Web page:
Whether she’s playing a brassy Hollywood starlet in Californication, a young nun in crisis in Little Sister, or an artist hungry for connection in the new arthouse horror thriller Like Me, Addison Timlin is an actor who disappears seamlessly into her roles. From the thoughtful construction of the character’s look to the finely tuned frequency of their energy, Timlin can be sneakily stealth as she moves from character to character.
In Like Me, Timlin plays Kiya, a lonely, reckless artist who broadcasts her art-project-via-crime-spree on social media, starting with a self-filmed convenience store robbery that goes viral, earning her the attention but not the connection she’s desperate for. From there, Kiya’s internet-famous journey earns her a YouTube troll and takes her along the coast, where she pushes the boundaries of her art and morality with the help of a kidnapped, paint-huffing loner played by genre staple Larry Fessenden. Debut director Robert Mockler infuses the film with bravura aesthetic, an avant-garde assault on the senses that turns Kiya’s lunatic art-spree into a topsy-turvy trip down the rabbit hole.
With Like Me now playing in theaters, I recently hopped on the phone to chat with Timlin about the film. She talked about the art incorporated into Mockler’s unconventional script, creating Kiya’s physicality.
This is movie is pretty far out and almost like a video art installation at moments; it has a really distinct and creative visual flourish. And I’m curious, how much of that flourish was evident in the script when you got it?
TIMLIN: It was pretty evident in the script when I got it. The way that Robert had written the script was that he had links to visual references throughout the whole thing. So that was one way that made it easy for me to digest in the broader scope of what his palette was looking like, and what he was trying to make. Visual symbolism of certain elements, and it seemed like he had certain sizzle reels almost for different parts of the film. Different montage feelings, or different colors. I also have to say that from when I read that script, compared to what we made, it’s really so different. The narrative seems quite different, and I think Kiya changed quite a bit, and I think there was more of a blend of reality and that kind of surrealism. Initially, I think it was leaning towards a more hyper version of itself, if you can believe that. But I did have a pretty good idea what I was getting myself into, but mostly after I met Robert and we talked about it. But I knew right away that I wanted to do the movie, because there was a lot that wasn’t on the page, but the thing that was on the page was a lot of loneliness, and that was what drew me to Kiya and the project itself I think.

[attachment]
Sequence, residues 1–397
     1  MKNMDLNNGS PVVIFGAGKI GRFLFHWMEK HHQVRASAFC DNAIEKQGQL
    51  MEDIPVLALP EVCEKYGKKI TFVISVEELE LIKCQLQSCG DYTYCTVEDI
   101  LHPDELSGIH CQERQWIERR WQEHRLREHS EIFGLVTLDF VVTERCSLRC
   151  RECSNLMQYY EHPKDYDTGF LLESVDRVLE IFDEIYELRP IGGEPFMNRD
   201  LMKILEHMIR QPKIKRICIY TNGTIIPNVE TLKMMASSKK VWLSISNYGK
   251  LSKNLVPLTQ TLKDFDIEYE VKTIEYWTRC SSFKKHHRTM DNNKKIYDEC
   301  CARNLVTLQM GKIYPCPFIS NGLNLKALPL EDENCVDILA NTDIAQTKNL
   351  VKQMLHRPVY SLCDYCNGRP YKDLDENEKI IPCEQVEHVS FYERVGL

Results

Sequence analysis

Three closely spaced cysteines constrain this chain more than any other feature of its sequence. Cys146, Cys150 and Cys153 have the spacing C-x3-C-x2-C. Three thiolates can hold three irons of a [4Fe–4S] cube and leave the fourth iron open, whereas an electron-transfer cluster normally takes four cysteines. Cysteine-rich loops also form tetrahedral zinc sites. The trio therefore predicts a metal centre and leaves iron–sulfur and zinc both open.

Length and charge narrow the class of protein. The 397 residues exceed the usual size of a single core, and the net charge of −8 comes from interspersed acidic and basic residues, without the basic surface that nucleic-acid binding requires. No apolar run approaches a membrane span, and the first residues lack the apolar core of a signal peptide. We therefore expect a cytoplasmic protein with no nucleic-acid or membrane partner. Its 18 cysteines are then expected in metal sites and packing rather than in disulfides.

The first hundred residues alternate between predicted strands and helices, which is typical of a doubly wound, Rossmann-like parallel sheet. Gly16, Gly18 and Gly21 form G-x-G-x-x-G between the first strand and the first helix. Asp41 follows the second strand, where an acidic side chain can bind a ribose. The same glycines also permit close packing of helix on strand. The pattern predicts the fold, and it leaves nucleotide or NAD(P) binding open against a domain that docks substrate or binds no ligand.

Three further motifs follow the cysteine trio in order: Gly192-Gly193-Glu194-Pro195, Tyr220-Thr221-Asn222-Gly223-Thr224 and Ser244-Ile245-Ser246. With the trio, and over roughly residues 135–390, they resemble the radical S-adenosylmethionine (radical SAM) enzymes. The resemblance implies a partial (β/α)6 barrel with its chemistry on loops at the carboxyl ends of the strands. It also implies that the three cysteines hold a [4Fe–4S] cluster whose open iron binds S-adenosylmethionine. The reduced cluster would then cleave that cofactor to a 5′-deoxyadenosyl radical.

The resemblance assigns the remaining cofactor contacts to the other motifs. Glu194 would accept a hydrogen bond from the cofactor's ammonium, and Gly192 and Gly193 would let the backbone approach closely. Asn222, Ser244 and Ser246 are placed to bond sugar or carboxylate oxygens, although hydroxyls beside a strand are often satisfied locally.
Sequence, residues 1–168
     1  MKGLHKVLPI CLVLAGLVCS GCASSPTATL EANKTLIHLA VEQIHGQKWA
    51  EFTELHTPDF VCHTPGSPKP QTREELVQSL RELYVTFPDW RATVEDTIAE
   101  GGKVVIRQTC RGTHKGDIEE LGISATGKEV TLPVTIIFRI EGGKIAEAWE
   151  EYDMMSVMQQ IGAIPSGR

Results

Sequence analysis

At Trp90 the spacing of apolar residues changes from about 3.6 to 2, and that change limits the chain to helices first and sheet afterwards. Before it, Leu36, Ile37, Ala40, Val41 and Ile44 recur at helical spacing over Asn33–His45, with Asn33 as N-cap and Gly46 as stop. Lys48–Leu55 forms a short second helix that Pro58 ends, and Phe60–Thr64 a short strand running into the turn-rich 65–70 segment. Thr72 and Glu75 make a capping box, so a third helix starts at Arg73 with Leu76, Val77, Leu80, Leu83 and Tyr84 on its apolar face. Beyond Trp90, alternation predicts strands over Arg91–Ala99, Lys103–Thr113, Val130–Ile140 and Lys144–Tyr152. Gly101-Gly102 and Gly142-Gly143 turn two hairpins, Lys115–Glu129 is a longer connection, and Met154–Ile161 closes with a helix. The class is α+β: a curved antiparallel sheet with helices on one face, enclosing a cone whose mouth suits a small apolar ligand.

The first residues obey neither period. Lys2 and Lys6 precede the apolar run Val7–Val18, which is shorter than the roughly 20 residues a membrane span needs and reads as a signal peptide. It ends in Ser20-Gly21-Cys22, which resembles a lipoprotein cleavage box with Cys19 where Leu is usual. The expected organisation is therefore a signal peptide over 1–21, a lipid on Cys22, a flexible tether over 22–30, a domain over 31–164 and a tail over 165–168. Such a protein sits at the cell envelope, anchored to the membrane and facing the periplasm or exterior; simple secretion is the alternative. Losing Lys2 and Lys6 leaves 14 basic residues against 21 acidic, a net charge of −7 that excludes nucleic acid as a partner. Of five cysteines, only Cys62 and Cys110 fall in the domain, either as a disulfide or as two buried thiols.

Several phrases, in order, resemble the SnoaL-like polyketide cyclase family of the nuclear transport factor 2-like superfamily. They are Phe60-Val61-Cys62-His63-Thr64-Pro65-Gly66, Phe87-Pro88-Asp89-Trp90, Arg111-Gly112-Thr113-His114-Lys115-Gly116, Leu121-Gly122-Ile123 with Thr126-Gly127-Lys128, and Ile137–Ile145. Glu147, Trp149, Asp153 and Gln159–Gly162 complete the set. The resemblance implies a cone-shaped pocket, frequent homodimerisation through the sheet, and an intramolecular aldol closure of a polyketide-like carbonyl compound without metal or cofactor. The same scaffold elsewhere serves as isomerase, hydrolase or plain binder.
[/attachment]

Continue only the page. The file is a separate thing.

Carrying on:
She’s a really fascinating character, and you get to go to a lot of interesting places with her. What were some of the complexities in her that you were excited to explore?
TIMLIN: Well, I think that she is really lonely and I think she’s really angry and I think that she was living in a world that she didn’t know how to fit into. I mostly think she’s an artist, and I think that a lot of … That’s what art is, is channeling your perspective to the world and your pain to the world, and I think that the kind of stuff she was doing and what she was making was really reflective. I think she was trying to hold a mirror up to her generation and her peers, and was fascinated by the attention it got her, and how that was her feeling of connection in the world. But it was all rooted in this thing that she thinks. That’s the root and the heart of it. That she wasn’t fond of who she was as a person.
You’re an actor who I don’t always recognize right away, which is definitely a compliment. It takes me a minute to realize that I’ve seen you in a bunch of stuff before, and that happened again with this film. What was your process in developing Kiya’s look?